As for the orange analogy, it is possible that some prostate cancer cells are released at the time of biopsy. However, the thinking is that even where this is so, those cells have an extremely hard time surviving, and growing so as to cause a problem. The evidence, as you can see, strongly suggests that.
I think it is in Australia that they do not do these very risky needle biopsies - because they know how dangerous it really is to the patient.
Can you give us any documentation of that? Australia actually has an active prostate cancer research community. They publish in respected journals, and biopsy proven prostate cancer is what they base their research on. I suspect you have heard an "urban legend" that is not true.
I believe it is done here because it is cheaper, faster and easier than traditional surgery to remove the tumor.
Biopsies do not remove tumors, except for miniscule samples. They are just a diagnostic tool.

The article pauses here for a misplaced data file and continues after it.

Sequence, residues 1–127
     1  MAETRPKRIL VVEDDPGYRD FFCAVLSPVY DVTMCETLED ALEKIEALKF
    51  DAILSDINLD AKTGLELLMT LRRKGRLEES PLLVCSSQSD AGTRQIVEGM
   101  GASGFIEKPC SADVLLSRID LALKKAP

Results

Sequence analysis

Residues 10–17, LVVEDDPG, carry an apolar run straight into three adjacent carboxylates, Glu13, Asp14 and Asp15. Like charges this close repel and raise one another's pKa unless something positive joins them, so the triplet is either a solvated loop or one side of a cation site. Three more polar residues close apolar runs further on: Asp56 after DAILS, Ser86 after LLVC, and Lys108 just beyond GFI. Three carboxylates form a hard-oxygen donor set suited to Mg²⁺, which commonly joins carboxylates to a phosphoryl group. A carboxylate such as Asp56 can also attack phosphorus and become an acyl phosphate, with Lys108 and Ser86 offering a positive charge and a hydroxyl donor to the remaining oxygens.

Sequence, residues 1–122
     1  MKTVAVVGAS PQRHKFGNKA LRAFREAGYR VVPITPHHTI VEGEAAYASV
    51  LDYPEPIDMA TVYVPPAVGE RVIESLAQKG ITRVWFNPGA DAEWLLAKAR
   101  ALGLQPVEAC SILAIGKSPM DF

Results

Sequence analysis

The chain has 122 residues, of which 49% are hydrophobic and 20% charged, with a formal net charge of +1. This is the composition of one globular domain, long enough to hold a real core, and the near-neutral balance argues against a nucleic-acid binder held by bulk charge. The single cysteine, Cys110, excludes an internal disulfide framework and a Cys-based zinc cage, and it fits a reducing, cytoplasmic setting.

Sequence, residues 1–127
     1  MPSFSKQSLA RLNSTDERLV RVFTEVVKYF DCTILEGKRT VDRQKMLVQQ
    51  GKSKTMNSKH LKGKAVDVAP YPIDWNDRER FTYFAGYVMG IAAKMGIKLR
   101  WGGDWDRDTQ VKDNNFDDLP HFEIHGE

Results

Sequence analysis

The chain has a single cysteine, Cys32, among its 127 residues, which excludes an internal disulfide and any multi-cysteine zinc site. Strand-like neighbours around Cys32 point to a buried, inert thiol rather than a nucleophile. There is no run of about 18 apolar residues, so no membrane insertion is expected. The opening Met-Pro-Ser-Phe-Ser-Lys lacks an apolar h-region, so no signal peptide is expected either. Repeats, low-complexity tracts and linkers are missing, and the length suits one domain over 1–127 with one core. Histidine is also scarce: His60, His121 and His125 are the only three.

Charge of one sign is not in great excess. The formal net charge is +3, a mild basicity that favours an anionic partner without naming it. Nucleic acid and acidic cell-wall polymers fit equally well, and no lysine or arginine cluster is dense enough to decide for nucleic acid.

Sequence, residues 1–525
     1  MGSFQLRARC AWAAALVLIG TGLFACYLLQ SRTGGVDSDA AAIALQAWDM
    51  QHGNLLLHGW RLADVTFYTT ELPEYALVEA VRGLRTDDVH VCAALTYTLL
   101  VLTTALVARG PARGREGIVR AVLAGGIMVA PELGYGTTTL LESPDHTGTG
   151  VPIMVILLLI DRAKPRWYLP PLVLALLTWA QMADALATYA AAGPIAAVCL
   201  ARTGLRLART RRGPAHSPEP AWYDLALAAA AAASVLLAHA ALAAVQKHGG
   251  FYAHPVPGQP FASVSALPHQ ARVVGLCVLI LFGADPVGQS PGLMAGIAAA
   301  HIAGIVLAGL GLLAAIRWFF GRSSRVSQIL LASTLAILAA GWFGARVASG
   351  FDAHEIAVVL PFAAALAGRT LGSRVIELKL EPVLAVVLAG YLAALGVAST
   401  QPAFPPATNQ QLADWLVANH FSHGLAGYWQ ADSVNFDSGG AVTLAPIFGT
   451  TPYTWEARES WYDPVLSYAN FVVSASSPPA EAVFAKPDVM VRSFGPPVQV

Patients do not realize that WE can actually still say NO to any test or procedure that we want to. I've done so many times and the only thing it changes is the Dr. has to come up with different options for me. But it is my life and I (we) have to live through the outcomes of whatever is done to us - not the Doctor.
Your point about our lives being our lives is one I'll agree with, but I hope we do not discourage anyone from having a biopsy. Truly, a biopsy, done right, as the are the vast majority of the time, is not a big deal!
Take care and please ask any follow-up questions if you have them.
I hope you will bear with me a bit longer and consider some follow-up points. I'll again put them in green.
Originally Posted by suelynn48